‘Meet a Muslim Family’ Campaign Aims to Dispel Fear, Misconceptions

Campaign is getting a positive response, says imam
March 4, 2015 Updated: March 5, 2015

OTTAWA—A Muslim organization has launched a two-week outreach campaign across Canada in hopes of connecting local Muslim families with communities to challenge misconceptions “and bridge the gap of fear into love.”

“It is basically to connect Canadians with their fellow Muslim families,” said Imtiaz Ahmed, an imam with the Ahmadiyya Muslim community in Ottawa, one of the organizers.

“There are many reasons why we started this campaign. Among them is to bridge the gap and to remove negative perceptions created by Al-Quada and ISIS.”

Reports of mosques being vandalized in Cold Lake, Alberta, and Ottawa, among others, have made headlines since the ISIS conflict has expanded.

A recent report by The Canadian Press disclosed a secret briefing from the Canadian Security Intelligence Service to the office of Public Safety Minister Steven Blaney that states CSIS had concerns over the rise of an online Canadian anti-Islam movement.

The Meet a Muslim Family campaign set up by the Ahmadiyya Muslim Jama’at Islamic organization officially launched March 1 with local organizers opening mosques to non-Muslims. Local families are also hosting informal home gatherings to give people a chance to ask questions.

“Many Canadian families came to visit us and I invited local community and religious leaders,” said Ahmed.

“We had a representative from a reverend of the United Church and a bishop from the Catholic Church. They all came with their families. We had a good response. Many people came and some went on to say they appreciated the initiative,” said Ahmed.

Canadians have been amazing so far.
— Imam Imtiaz Ahmed, Ahmadiyya Muslim community

“I have been speaking to members in Toronto, and they are overwhelmed with the positive response.”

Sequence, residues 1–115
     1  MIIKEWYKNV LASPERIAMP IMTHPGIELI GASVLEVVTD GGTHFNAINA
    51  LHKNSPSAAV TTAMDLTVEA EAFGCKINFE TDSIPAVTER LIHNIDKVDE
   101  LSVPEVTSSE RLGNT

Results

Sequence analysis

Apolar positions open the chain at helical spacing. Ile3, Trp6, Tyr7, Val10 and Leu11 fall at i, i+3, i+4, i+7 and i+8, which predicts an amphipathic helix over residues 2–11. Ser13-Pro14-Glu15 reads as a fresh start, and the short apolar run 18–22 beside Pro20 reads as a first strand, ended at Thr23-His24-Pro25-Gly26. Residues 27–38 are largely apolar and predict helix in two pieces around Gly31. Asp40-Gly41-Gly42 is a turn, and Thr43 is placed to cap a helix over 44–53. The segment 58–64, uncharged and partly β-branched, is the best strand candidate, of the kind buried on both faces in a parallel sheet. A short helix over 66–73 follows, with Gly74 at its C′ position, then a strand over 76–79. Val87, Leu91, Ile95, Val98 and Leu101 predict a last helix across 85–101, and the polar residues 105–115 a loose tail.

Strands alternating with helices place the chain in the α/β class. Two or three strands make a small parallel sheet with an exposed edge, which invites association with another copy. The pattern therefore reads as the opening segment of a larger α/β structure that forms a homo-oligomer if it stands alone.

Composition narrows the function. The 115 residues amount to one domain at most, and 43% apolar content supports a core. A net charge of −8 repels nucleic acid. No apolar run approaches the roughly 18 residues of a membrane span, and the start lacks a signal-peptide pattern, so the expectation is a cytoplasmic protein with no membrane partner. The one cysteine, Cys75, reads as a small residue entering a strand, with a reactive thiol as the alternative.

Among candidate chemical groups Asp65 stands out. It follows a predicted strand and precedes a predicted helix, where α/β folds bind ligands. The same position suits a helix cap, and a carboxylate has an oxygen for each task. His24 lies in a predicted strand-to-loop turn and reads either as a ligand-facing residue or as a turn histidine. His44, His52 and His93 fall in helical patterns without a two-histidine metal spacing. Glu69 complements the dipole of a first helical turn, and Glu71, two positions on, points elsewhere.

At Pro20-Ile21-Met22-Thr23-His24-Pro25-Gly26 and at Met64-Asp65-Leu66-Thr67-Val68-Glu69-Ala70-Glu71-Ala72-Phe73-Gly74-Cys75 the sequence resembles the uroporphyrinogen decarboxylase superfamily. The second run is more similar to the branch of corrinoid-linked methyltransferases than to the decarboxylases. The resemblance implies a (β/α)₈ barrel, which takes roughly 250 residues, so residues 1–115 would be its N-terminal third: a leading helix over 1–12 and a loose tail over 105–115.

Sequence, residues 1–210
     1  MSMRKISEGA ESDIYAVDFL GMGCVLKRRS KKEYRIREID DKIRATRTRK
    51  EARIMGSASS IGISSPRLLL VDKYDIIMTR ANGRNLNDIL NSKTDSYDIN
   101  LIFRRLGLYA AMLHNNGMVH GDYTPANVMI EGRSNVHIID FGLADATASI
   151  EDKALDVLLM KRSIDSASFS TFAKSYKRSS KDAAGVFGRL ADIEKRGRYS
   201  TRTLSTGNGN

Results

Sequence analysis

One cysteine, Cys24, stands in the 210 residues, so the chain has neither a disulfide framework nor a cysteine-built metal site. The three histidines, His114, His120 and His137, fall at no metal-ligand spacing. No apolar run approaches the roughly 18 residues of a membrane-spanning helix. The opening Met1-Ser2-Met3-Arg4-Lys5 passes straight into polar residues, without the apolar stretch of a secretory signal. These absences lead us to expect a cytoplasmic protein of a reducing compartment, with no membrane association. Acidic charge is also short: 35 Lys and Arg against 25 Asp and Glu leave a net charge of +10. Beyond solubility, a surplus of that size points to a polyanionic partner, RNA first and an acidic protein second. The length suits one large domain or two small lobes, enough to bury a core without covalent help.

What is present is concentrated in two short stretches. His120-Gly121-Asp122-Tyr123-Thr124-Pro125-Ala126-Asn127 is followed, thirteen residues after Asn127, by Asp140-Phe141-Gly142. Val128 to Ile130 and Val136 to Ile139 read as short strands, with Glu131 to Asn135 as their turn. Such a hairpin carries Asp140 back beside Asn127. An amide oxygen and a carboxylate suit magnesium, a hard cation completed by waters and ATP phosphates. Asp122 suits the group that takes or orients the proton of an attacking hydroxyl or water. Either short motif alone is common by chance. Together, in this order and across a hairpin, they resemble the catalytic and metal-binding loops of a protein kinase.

The campaign is not limited to Ottawa and includes every Ahmadiyya Muslim community in Canada including in Vancouver, Edmonton, Calgary, Toronto, and Halifax. However, Ahmed says the response has extended beyond the initial 70 cities, with requests now coming in from smaller towns.

“I was told by a friend of mine that even they were getting calls from remote towns [from people] who wanted a meet with a Muslim family closest to their village or town. The response has been very good. I have been getting tweets about it. Some people are reaching out to our headquarters and asking to meet in Ottawa. Canadians have been amazing so far.”

This isn’t the first time Ahmadiyya Muslims have been active in these types of campaigns. The community has also helped organize interfaith conferences in cities with other religious leaders.

Although the campaign is slated to run for two weeks, the organizers hope for an ongoing level of contact between people.

“It is for two weeks and even if someone wants to visit we aren’t going to shut down the campaign. Our mosques are always open,” said Ahmed.

Kaven Baker-Voakes is a freelance reporter based in Ottawa.